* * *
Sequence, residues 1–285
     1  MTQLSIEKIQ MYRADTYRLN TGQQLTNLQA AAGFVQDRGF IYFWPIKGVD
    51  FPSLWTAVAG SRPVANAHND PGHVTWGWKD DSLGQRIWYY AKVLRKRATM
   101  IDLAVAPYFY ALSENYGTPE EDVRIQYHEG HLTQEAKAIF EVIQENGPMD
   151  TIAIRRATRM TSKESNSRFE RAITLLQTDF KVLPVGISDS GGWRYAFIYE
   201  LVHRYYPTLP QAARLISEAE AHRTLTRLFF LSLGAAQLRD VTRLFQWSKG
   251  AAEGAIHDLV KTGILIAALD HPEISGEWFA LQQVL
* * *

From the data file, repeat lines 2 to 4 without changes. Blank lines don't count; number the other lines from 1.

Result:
     1  MTQLSIEKIQ MYRADTYRLN TGQQLTNLQA AAGFVQDRGF IYFWPIKGVD
    51  FPSLWTAVAG SRPVANAHND PGHVTWGWKD DSLGQRIWYY AKVLRKRATM
   101  IDLAVAPYFY ALSENYGTPE EDVRIQYHEG HLTQEAKAIF EVIQENGPMD